Cracking Password Hashes using Hashcat (Crackstation Wordlist)

Cracking Password Hashes using Hashcat (Crackstation Wordlist)

Welcome to HackingVision, in this tutorial we will demonstrate how to crack password hashes in Kali Linux with the Crackstation Wordlists.


In this tutorial, we are using GTX 1080 8GB and Ryzen 5 1600 CPU in this tutorial you can use whatever NVIDIA GPU that you like. By using both CPU and GPU in Hashcat we can obtain better password hash rates this allows us to crack password hashes faster and more conveniently than we typically could than just using a CPU.

If you’re using a GPU make sure you have the NVIDIA drivers for your GPU installed. If you don’t have access to any NVIDIA GPU a strong CPU is recommended the wordlist we are going to be using is 15 GiB uncompressed Hashcat will take a little while longer if your de-hashing passwords hashes without a GPU. Hash rates will depend on the speed of your computer’s CPU the faster your CPU the better, If you have a fast GPU you will be able to crack passwords much quicker. There are many factors that come into play when it comes to password cracking such as the size of the wordlist, the size of the target hash file and the speed of your CPU or GPU. For example, Dehashing passwords for certain hashing algorithms can be slower than other hashing algorithms. If you are cracking a lot of large password hash lists an SSD is recommended in this guide we are using a standard 1TB HDD currently all of my SSD’s are occupied by other operating systems.

If you have limited bandwidth we can use a Smaller Wordlist that is 684MiB uncompressed but does not include as many passwords or alternatively we can use a wordlist that is included by default in Kali Linux.

Installing NVIDIA GPU Drivers in Kali Linux


In this tutorial, we will be de-hashing SHA1 hashes. You can use sha1-online to encrypt SHA1 password hashes. Let’s create some hashes to test with Hashcat.

Create some password hashes using sha1-online and save the password hashes hashed by sha1-online into a text file. I will hash 20 passwords and save them in a text file. Create your own password hash list or you can use the password hashes below. I will be using the nano text editor in this tutorial.

Open up a terminal and enter the command. This command will create a new text document called sha1.txt enter your password hashes add each hash byline. You can copy the password hashes below if you don’t want to hash your own password hashes.

nano sha1.txt

Once you have finished adding your password hashes in nano you can write the file by using keys CTRL+O after changes have been written use CTRL+X to exit the nano text editor.

The passwords that we hashed should be the following when decrypted let’s see if Hashcat can find any of our password hashes.


Download Wordlist

Download Wordlists:

In this tutorial, we will be using Crackstation.txt.gz wordlist. You can choose whatever wordlist you want to use you don’t have to use the crackstation ones that we have included in this tutorial to use Hashcat. We recommend these wordlists as they include lots of leaked real human passwords if you don’t know what the Crackstation wordlists are there the results of Crackstation cracking LinkedIn’s and eHarmony’s password hash leaks with the list.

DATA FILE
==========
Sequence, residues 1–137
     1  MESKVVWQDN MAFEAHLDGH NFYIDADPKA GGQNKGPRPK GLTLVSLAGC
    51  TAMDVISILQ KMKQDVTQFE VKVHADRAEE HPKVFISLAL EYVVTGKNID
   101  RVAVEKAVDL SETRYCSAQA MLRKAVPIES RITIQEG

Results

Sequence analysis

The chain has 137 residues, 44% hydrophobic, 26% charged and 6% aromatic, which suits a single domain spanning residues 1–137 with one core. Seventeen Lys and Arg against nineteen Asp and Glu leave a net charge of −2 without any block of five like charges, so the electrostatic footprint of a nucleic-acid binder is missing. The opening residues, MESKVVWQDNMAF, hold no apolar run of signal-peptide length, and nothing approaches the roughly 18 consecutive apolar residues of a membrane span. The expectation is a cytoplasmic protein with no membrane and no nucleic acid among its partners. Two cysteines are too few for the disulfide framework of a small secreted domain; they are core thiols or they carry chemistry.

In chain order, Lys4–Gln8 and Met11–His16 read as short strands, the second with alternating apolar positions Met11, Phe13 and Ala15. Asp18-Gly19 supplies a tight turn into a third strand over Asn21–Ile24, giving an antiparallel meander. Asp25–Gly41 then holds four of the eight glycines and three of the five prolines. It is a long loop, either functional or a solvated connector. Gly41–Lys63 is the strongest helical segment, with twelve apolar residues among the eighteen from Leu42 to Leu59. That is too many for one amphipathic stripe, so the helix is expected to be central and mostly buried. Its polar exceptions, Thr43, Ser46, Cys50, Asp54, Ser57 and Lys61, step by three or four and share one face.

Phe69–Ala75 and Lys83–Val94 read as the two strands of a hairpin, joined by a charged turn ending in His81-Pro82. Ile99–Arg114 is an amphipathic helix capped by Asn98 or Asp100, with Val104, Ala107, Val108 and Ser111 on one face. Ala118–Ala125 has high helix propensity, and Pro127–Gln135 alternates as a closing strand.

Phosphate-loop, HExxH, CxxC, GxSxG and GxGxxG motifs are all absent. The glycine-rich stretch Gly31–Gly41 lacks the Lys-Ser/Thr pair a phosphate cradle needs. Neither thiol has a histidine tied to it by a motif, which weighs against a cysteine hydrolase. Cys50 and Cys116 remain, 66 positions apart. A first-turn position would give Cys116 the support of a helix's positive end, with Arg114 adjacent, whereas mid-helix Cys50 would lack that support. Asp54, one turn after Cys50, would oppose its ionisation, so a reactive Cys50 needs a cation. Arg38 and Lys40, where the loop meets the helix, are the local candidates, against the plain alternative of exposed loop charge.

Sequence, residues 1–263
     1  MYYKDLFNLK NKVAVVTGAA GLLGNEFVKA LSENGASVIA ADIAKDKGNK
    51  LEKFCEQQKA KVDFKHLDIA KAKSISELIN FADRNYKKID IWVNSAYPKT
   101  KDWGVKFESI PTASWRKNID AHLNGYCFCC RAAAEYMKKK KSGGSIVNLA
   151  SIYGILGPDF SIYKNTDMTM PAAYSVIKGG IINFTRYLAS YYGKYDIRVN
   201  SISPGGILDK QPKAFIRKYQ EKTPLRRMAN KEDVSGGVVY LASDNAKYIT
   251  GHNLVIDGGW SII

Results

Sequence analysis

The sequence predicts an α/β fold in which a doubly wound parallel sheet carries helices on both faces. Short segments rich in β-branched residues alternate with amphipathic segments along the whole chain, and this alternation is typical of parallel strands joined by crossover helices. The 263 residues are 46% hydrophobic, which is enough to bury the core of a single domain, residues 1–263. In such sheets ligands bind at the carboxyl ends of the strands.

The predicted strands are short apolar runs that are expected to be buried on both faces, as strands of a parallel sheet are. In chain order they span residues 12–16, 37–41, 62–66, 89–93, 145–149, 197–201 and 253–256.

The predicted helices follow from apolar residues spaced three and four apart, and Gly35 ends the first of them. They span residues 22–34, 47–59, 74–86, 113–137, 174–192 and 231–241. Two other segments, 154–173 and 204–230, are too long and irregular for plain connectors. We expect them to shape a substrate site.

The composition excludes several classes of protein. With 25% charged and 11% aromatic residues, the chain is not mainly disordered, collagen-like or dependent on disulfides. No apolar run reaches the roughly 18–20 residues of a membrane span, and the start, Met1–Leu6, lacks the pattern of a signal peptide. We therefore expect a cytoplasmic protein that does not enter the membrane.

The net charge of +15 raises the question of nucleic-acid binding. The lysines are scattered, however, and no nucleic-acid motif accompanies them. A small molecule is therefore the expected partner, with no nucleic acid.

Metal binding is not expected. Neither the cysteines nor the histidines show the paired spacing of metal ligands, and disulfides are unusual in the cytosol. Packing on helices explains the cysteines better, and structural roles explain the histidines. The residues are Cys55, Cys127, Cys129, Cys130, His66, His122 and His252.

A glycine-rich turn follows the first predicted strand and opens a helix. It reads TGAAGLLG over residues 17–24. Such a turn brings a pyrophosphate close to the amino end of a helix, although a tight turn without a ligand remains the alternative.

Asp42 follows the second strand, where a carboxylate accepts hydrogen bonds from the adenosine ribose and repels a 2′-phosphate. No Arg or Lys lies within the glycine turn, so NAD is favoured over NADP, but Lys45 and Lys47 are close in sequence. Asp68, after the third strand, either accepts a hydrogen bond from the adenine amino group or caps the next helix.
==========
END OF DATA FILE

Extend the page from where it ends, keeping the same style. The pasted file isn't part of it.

The wordlist we use using in this tutorial is 4.2GB Compressed and 15 GiB uncompressed ( if you have limited bandwidth use Crackstation Smaller Wordlist (Human Passwords Only) that is 247MiB compressed and 684MiB uncompressed.

Default wordlists in Kali Linux are stored in /usr/share/wordlists

Uncompressing Crackstation Wordlist

To uncompress .txt.gz files we can use gunzip install gzip by opening a terminal and entering the following command. gunzip will uncompress wordlists within the same directory as it’s run from.

apt-get install gzip

Now that gzip is installed we can uncompress the wordlists we downloaded from Crackstaion using the following command.

gunzip crackstation.txt.gz

To uncompress the smaller real human wordlist from crackstation you can use the following command.

gunzip crackstation-human-only.txt.gz

Now that we have uncompressed the Crackstation wordlists we can now use them in Hashcat.


Its time to run Hashcat against our target SHA1 hashes. Let’s see what hashes we can dehash.

Open a terminal

cd into the directory that your hash list is stored in edit the following command -m 100 is hash type SHA1 add the location of your hash list and wordlist.

My hash list is called sha1.txt the output of my passwords.txt file is the same directory as sha1.txt I am using the crackstation wordlist from /usr/share/wordlists/crackstation.txt that I copied to /usr/share/wordlists/ earlier. Your downloaded wordlist is most likely stored and uncompressed in Downloads, in that case, we would add /Downloads/crackstation.txt make sure that you use using the uncompressed wordlist and not the compressed .txt.gz version.

hashcat -m 100 sha1.txt -o passwords.txt /usr/share/wordlists/crackstation.txt
hashcat -m 100 sha1.txt -o passwords.txt /Downloads/crackstation.txt
Command Breakdown -m = hash type SHA1 hashes.txt (your target hashes file goes here) -o passwords.txt = output directory of cracked passwords /usr/share/wordlists/crackstation.txt (Add the path to your wordlist here)

Hashcat found 12/20 password hashes that we gave it using the crackstation.txt wordlist.

Let’s see what passwords Hashcat was able to crack. We can list the contents of the passwords.txt file containing the passwords that Hashcat was able to de-hash using the cat command in Linux.

From the directory that your passwords.txt file is saved in use the following command to list the password words that Hashcat was able to recover. cat is a standard Unix utility that reads files sequentially, writing them to standard output.

cat passwords.txt

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